“ ‘It is well established that where a statute first defines an offense in unconditional terms and then specifies an exception to its operation, the exception is an affirmative defense to be raised and proved by the defendant. [Citations.] ․ “ ‘[T]he question is whether the exception is so incorporated with, and becomes a part of the enactment, as to constitute a part of the definition, or description of the offense; for it is immaterial whether the exception or proviso be contained in the enacting clause or section, or be introduced in a different manner. It is the nature of the exception and not its location which determines the question․’ ” Thus, where exceptions or provisos are not descriptive of the offense, or define it, but rather afford a matter of excuse, “they are to be relied on in [the] defense.” [Citations.]' ” (People v. Spry (1997) 58 Cal.App.4th 1345, 1364, 68 Cal.Rptr.2d 691.)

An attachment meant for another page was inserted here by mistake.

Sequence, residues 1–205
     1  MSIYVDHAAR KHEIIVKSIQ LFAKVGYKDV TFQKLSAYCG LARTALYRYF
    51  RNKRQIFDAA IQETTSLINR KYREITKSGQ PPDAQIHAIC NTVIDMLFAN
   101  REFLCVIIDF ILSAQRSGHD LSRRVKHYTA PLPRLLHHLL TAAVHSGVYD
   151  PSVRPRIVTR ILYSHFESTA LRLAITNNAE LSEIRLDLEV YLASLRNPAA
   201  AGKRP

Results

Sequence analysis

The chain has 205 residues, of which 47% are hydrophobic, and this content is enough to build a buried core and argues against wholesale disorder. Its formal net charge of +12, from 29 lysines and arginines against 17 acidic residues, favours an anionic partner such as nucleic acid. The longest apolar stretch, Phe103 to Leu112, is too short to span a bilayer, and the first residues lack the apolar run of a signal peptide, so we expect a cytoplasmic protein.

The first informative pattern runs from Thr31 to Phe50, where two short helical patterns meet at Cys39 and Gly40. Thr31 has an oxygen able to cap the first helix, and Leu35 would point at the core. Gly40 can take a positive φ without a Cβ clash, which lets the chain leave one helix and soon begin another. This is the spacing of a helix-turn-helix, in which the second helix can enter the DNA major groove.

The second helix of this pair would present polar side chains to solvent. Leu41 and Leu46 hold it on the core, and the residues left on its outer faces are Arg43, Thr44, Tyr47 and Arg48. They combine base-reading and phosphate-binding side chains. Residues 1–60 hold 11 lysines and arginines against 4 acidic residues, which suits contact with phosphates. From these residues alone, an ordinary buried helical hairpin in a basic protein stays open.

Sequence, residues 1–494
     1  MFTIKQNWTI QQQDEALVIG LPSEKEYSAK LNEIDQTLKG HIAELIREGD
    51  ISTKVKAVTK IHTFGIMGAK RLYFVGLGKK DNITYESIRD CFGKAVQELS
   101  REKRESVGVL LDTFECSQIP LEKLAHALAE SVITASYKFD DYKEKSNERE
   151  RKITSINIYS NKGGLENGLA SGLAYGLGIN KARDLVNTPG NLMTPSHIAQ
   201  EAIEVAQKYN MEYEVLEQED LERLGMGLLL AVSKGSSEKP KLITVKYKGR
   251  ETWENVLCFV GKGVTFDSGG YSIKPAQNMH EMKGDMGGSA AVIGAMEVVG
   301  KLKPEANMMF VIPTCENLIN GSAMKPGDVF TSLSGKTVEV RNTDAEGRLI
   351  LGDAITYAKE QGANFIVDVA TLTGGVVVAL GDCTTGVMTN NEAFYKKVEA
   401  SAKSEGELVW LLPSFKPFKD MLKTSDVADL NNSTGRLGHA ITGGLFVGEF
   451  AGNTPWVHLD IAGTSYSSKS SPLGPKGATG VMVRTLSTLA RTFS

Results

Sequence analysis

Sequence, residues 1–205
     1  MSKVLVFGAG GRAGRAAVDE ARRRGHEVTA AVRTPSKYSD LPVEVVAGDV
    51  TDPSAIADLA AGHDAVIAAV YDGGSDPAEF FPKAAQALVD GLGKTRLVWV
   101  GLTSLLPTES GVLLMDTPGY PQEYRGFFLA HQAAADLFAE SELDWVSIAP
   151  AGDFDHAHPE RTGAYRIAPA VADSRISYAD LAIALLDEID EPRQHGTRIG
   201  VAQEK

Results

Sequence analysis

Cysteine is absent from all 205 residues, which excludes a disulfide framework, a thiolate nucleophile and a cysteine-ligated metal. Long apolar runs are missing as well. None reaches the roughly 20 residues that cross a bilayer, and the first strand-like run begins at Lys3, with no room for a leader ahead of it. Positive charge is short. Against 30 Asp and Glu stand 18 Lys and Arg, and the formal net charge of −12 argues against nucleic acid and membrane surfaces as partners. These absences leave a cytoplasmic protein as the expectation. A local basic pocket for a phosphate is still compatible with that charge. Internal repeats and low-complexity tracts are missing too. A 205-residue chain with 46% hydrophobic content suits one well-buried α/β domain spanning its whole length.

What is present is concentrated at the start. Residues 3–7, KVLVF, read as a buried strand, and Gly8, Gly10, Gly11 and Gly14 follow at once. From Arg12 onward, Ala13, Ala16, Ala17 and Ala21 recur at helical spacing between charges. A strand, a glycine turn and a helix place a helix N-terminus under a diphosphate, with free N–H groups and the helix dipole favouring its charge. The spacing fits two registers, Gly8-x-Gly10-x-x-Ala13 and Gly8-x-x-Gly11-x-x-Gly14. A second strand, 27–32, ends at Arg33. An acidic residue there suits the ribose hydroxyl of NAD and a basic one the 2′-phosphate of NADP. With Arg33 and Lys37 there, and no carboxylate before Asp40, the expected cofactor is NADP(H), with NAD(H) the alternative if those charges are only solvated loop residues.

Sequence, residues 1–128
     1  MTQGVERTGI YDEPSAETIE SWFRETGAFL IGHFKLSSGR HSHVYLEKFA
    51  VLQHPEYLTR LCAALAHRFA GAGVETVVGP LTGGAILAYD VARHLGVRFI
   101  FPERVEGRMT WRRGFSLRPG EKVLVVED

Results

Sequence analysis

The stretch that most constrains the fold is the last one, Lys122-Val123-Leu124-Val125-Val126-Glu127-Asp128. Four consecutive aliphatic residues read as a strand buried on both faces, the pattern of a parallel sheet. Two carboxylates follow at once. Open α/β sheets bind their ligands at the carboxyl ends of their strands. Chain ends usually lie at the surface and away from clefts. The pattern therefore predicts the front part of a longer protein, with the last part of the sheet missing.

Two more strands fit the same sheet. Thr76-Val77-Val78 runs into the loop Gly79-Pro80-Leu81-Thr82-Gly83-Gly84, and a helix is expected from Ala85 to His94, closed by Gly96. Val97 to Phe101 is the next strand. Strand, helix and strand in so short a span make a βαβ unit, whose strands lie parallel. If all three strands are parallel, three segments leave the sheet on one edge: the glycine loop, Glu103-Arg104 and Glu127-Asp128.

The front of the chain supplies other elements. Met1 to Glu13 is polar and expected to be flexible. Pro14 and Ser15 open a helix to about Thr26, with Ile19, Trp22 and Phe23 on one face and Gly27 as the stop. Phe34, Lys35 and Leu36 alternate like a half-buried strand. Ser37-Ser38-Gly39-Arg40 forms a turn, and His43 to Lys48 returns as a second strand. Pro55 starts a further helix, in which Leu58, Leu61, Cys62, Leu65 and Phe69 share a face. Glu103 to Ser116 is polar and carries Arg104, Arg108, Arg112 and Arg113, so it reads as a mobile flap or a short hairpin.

Nowhere in section 11362.5 is any criminal offense defined. Subdivision (d) of section 11362.5 does no more than refer to the offenses already defined in sections 11357 (possession of marijuana) and 11358 (cultivation of marijuana) and creates an exception to their applicability. Because the exception provided by subdivision (d) does not constitute any part of the definition of the offenses described by sections 11357 and 11358, the exception constitutes an affirmative defense to be proven by the defendant at trial. This conclusion comports with the rebuttal argument against Proposition 215, the initiative measure enacting section 11362.5, contained in the ballot pamphlet, which reads: “Police officers can still arrest anyone who grows too much, or tries to sell it․ [¶] ․ Police officers can still arrest anyone for marijuana offenses. Proposition 215 simply gives those arrested a defense in court, if they can prove they used marijuana with a doctor's approval.” (Ballot Pamp., Gen. Elec. (Nov. 5, 1996) rebuttal to argument against Prop. 215, p. 61.)